Two, it might seem safer to err on the side of caution and choose ammo that penetrates less but that can greatly reduce effectiveness in a SD scenario. Note the last paragraph here: handgun stopping power

As Mr. Ayoob said, it comes down to making informed choices with what you carry and being responsible should you ever need to use it.
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Old 03-13-2013, 10:18   #9
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I, too, stick with lighter or mid-weight loads for the 10mm. I prefer the 155 or 165gr Gold Dots. They offer more penetration than the really light loads and don't fragment. Lastly, they don't overpenetrate like the heavier 180gr+ loads.

If I owned and carried a 40SW, I would probably stick with 155 or 165gr loads too.
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Old 03-13-2013, 10:47   #10
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Quote:
Originally Posted by oceanbob View Post
It's either a good shoot or it's not. In a good shooting, you won't be questioned on your caliber or bullet type.

If you're shooting is questionable, expect trouble in Criminal and Civil Court.

Avoid being trigger happy is my advice.
When you shoot/kill BG in self defense, and your shooting was justifiable (from your point of view), you will likely still be entering our imperfect legal system. Once there, you are at the mercy of the prosecutors and jurors (who are not necessarily your friends). And you'll have to convince these folks (some of whom know nothing about guns) that you are a reasonable and responsible gun owner who acted in self defense and used appropriate force - as any reasonable person would given your circumstances.

If the BG, or somebody on his behalf, claims shooting was not justified, hires an attorney, and takes you to court, then your situation has just gotten 10 times more complicated and your explanations and arguments should be even better.

In both (but especially second scenario) all factors, including what weapon and ammunition you used, will be carefully examined. And anything that can be used against you, will be used against you.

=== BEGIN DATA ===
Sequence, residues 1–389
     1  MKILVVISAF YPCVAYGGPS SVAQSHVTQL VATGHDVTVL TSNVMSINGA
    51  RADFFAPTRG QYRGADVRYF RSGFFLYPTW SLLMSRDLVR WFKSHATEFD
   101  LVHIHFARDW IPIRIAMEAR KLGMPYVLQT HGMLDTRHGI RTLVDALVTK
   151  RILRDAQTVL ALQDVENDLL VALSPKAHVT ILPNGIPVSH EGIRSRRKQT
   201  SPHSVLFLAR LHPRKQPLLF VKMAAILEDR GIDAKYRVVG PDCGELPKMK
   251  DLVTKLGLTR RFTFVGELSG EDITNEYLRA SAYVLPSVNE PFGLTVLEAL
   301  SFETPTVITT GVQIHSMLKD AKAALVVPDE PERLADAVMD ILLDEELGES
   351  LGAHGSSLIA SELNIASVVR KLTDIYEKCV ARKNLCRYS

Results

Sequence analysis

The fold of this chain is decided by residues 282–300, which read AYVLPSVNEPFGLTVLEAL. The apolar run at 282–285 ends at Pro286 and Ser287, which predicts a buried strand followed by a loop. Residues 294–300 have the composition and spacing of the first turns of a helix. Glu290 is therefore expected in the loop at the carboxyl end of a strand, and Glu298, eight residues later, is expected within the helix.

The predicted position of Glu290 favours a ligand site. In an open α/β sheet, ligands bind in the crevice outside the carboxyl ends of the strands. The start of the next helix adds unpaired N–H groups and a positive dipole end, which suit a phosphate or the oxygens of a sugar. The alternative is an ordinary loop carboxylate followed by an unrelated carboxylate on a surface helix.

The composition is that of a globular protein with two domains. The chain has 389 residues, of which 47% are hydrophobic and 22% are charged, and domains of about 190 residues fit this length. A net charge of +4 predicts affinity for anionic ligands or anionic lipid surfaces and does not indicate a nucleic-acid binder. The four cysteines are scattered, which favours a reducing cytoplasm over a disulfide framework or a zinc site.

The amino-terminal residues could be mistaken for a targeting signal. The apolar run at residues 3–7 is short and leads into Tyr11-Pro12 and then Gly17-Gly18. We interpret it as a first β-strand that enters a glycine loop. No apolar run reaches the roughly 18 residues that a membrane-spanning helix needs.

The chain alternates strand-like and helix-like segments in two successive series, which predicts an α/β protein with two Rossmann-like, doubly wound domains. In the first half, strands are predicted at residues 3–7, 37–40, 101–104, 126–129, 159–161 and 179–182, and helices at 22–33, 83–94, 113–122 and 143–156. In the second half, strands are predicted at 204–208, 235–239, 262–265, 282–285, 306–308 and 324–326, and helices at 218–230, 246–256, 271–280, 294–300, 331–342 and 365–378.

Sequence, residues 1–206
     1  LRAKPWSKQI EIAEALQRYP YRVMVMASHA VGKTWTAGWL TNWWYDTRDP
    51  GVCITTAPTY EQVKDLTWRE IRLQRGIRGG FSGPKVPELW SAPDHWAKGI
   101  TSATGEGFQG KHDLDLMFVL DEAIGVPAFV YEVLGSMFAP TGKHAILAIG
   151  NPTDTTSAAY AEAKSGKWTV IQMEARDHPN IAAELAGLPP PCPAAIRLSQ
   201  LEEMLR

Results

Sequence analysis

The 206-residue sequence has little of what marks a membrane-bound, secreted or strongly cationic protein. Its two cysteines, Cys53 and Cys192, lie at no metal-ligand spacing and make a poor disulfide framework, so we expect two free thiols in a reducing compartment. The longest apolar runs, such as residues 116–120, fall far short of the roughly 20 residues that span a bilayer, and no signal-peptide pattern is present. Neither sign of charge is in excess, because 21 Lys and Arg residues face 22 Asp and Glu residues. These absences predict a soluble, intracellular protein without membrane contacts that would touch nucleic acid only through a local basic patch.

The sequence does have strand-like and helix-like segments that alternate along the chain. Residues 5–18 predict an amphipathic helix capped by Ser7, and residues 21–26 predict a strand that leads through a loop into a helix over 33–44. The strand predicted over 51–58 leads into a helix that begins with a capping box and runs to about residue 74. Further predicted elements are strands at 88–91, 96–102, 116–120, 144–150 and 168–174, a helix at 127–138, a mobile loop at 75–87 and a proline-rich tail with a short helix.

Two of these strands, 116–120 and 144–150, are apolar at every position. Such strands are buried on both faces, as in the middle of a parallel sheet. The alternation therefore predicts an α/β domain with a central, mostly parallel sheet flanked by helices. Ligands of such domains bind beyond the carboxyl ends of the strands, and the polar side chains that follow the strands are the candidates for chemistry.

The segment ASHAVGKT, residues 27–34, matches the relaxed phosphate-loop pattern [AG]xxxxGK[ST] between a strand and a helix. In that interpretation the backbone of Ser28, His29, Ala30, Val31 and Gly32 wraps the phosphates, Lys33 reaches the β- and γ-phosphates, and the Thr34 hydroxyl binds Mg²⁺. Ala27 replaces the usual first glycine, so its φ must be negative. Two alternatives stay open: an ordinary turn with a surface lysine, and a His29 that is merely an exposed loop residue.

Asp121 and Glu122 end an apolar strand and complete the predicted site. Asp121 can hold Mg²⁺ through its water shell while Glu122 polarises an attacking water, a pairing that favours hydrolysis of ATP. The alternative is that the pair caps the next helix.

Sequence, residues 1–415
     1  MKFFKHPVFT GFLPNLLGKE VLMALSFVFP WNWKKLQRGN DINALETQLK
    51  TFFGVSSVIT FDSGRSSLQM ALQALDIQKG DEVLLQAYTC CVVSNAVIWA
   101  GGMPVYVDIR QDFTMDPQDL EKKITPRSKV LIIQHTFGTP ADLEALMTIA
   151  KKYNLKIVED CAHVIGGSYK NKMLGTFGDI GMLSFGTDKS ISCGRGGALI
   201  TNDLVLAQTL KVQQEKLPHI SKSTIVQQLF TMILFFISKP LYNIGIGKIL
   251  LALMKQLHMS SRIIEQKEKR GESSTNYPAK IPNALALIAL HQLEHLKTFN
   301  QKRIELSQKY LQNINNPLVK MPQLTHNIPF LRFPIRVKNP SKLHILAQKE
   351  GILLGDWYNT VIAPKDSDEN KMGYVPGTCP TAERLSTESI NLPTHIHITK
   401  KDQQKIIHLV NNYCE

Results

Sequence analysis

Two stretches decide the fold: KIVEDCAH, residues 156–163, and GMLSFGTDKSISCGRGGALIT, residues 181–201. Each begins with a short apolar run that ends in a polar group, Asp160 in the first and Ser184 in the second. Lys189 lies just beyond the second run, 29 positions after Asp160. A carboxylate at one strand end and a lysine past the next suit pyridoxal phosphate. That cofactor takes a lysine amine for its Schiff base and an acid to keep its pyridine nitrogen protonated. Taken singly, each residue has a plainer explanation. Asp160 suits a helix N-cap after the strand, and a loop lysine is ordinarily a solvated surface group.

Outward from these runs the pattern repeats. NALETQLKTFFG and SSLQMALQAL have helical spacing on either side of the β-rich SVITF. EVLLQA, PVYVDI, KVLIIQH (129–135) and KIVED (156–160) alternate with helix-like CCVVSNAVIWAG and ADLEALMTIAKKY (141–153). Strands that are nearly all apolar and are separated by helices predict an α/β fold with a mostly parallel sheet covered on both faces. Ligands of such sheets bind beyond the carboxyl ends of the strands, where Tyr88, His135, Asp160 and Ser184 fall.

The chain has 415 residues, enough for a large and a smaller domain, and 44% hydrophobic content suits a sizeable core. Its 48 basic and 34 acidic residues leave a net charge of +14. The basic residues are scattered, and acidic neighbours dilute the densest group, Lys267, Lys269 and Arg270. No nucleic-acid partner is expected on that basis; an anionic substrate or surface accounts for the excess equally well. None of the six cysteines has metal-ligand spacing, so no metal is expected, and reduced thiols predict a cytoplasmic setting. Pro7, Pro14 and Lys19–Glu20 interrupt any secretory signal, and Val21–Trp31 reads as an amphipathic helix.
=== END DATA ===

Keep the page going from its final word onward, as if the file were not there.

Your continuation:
Using gun in self-defense is far more tricky than simply being a good shot.
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Old 03-13-2013, 16:50   #11
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Hey, vandros, I'm wondering how you came to choose 10mm in the first place. I've been curious about 10mm because its a powerhouse, but it is one of those 'edge of the envelope' things to me. Do you hand load?
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Old 03-13-2013, 17:05   #12
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Quote:
Originally Posted by vandros View Post
Using gun in self-defense is far more tricky than simply being a good shot.
One thing Mr. Ayoob has stressed is that you must be able to articulate why you acted as you did... and your defense team must be prepared to counter likely attacks on the choices you made (ammo, etc.)
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Old 03-13-2013, 17:33   #13
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Quote:
Originally Posted by PhotoFeller View Post
Hey, vandros, I'm wondering how you came to choose 10mm in the first place. I've been curious about 10mm because its a powerhouse, but it is one of those 'edge of the envelope' things to me. Do you hand load?
Photo, I like to hike (and we have mountain lions and black bears around) and I don't like to have many guns... So, I currently only have g29 which is great for sd/hd/ccw/hiking. I don't handload - I prefer to purchase ammo either from underwood or doubletap. That's a bit pricey, but I think reliability is worth it. I never shot underpowered 10mm and prefer hot loads, so I don't think I'll be using powered-down 10mm even when not hiking. Although, as several pointed out, that's an option.

I think 10mm is not that big of a powerhouse. It's got definately more energy than 9mm, 40s&w, or 45acp. But, not as much as to break a wrist or stop a grizzly. It's a decent caliber, imho. But, if I wasn't hiking, I'd be using 9mm g19.

P.S. Isn't it nice to discuss something noncontroversial for a change?
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Old 03-13-2013, 17:33   #14